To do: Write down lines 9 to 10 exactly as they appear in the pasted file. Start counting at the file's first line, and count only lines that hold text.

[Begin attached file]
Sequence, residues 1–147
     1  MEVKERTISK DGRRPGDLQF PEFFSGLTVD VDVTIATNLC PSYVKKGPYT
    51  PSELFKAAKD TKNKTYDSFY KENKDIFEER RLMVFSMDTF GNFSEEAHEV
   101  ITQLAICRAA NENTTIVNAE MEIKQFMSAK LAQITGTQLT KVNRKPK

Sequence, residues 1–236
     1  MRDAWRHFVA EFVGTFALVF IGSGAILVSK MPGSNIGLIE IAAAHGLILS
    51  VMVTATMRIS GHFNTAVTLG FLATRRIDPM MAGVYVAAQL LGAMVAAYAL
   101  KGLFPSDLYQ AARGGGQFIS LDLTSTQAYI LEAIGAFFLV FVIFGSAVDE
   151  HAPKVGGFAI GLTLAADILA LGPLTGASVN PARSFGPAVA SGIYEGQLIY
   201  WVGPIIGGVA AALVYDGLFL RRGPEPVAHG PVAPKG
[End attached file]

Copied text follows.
   151  HAPKVGGFAI GLTLAADILA LGPLTGASVN PARSFGPAVA SGIYEGQLIY
   201  WVGPIIGGVA AALVYDGLFL RRGPEPVAHG PVAPKG